by Judith Curry
Some interesting new papers on the hiatus in global warming.
I have been expecting to start seeing papers on the ‘hiatus is over.’ Instead I am seeing papers on ‘the hiatus never happened.’ Here is a collection of new papers on the hiatus, ranging from sense to nonsense.
The UKMO has issued a good report Big Changes in the Climate System Underway? The report discusses the current situation (and near future possibilities) for El Nino, PDO, AMO. Re the AMO, which was the subject of a recent post:
Despite these signals it is not certain that there will be a shift towards cooler Atlantic conditions over the next few years. Temporary cooling has occurred in the past without leading to a sustained AMO shift. However, the current trends suggest that the chances of a shift in the next few years have increased.
The report has a good section on global temperatures, excerpts:
A better understanding of the cause of the global warming slowdown is needed in order to confidently predict its end. However, there are signs in the observations and near term climate predictions that are consistent with a resumption of warming.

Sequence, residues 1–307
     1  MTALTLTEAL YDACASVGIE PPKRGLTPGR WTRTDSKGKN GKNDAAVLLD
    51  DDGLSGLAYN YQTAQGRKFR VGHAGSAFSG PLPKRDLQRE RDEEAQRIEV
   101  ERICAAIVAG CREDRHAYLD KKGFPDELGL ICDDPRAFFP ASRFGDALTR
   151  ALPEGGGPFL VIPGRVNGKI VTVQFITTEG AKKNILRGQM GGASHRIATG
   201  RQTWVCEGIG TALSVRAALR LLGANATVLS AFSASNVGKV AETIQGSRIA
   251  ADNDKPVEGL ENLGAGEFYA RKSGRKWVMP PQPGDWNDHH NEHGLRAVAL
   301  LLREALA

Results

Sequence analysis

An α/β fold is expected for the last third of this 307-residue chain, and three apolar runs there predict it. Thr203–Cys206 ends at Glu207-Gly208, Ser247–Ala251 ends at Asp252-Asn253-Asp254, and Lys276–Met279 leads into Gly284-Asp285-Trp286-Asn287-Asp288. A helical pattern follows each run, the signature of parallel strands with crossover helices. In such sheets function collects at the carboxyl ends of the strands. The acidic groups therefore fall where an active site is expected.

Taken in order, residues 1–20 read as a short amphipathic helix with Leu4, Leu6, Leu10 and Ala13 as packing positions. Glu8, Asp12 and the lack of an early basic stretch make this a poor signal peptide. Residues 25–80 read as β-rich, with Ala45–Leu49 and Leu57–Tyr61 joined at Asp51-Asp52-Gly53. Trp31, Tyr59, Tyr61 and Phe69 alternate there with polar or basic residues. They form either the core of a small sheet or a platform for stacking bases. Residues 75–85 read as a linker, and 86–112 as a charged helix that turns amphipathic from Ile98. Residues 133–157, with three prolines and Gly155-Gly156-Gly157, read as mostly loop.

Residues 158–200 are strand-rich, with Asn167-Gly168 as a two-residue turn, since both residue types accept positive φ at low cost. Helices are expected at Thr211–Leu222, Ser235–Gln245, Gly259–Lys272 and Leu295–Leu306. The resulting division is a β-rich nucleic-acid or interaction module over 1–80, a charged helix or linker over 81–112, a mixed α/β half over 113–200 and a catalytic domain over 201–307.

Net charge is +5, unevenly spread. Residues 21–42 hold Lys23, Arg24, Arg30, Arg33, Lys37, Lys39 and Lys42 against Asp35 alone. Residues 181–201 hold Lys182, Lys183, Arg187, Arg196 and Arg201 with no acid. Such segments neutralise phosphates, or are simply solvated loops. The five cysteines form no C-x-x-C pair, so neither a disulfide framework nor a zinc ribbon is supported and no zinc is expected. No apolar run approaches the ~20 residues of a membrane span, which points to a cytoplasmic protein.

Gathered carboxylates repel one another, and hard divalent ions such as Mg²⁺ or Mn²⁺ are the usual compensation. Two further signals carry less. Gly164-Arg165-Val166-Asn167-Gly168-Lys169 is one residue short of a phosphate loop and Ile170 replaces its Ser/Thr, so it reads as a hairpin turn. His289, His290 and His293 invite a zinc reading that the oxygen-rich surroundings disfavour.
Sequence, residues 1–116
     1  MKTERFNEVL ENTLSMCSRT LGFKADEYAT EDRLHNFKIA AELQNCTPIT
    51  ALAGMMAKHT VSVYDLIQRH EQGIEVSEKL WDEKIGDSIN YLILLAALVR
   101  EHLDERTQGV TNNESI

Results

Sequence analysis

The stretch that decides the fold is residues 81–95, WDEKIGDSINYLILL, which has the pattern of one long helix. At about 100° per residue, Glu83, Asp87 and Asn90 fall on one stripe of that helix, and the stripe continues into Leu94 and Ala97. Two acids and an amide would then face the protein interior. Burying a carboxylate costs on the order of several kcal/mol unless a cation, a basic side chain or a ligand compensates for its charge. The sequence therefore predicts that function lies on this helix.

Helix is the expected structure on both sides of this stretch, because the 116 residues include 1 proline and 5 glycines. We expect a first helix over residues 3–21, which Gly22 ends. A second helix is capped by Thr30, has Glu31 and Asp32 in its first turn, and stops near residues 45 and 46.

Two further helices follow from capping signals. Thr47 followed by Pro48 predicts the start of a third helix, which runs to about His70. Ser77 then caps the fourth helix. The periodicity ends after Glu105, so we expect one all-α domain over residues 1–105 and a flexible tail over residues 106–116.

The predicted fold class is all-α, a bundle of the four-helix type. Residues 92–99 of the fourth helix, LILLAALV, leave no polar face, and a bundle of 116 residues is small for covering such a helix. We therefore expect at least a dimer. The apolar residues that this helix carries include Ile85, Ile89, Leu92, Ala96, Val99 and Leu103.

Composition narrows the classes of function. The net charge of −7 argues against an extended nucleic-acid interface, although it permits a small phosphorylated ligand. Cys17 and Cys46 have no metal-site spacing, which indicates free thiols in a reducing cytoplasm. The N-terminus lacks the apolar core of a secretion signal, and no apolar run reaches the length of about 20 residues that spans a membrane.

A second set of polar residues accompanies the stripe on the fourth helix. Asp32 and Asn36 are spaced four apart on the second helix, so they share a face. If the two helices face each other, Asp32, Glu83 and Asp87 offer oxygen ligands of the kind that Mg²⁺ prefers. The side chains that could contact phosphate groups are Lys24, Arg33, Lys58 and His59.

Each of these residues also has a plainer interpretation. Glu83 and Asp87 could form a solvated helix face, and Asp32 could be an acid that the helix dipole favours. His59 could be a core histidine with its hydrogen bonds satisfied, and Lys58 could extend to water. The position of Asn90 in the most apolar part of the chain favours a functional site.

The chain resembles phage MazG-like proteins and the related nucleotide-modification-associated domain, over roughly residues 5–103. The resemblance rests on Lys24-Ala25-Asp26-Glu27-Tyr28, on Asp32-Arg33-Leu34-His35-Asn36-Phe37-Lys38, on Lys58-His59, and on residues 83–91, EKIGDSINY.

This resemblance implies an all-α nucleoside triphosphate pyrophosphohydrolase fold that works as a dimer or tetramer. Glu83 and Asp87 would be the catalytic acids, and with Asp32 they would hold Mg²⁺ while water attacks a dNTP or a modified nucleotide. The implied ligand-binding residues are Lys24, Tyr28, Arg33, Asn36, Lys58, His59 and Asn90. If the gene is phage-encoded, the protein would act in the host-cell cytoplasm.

Global mean surface temperature for 2015 so far is 0.38±0.14oC above the 1981-2010 average (0.68±0.14oC above the 1961-1990 average). If this continues, 2015 will likely be warmer than any other year in the observational record. Given that global average temperature responds to El Niño with a lag of a few months and that El Niño is predicted to develop further, it is reasonable to assume that both 2015 and 15 2016 will show similar warmth to the current value for 2015. If this were to happen then ten year global temperature trends would increase to a value of around 0.2C per decade by 2016, as often occurred in the late 20th century. Note however, that a large volcanic eruption or a sudden shift to a cool phase of the AMO would alter this and that trends over longer periods of 15 years would take longer to respond.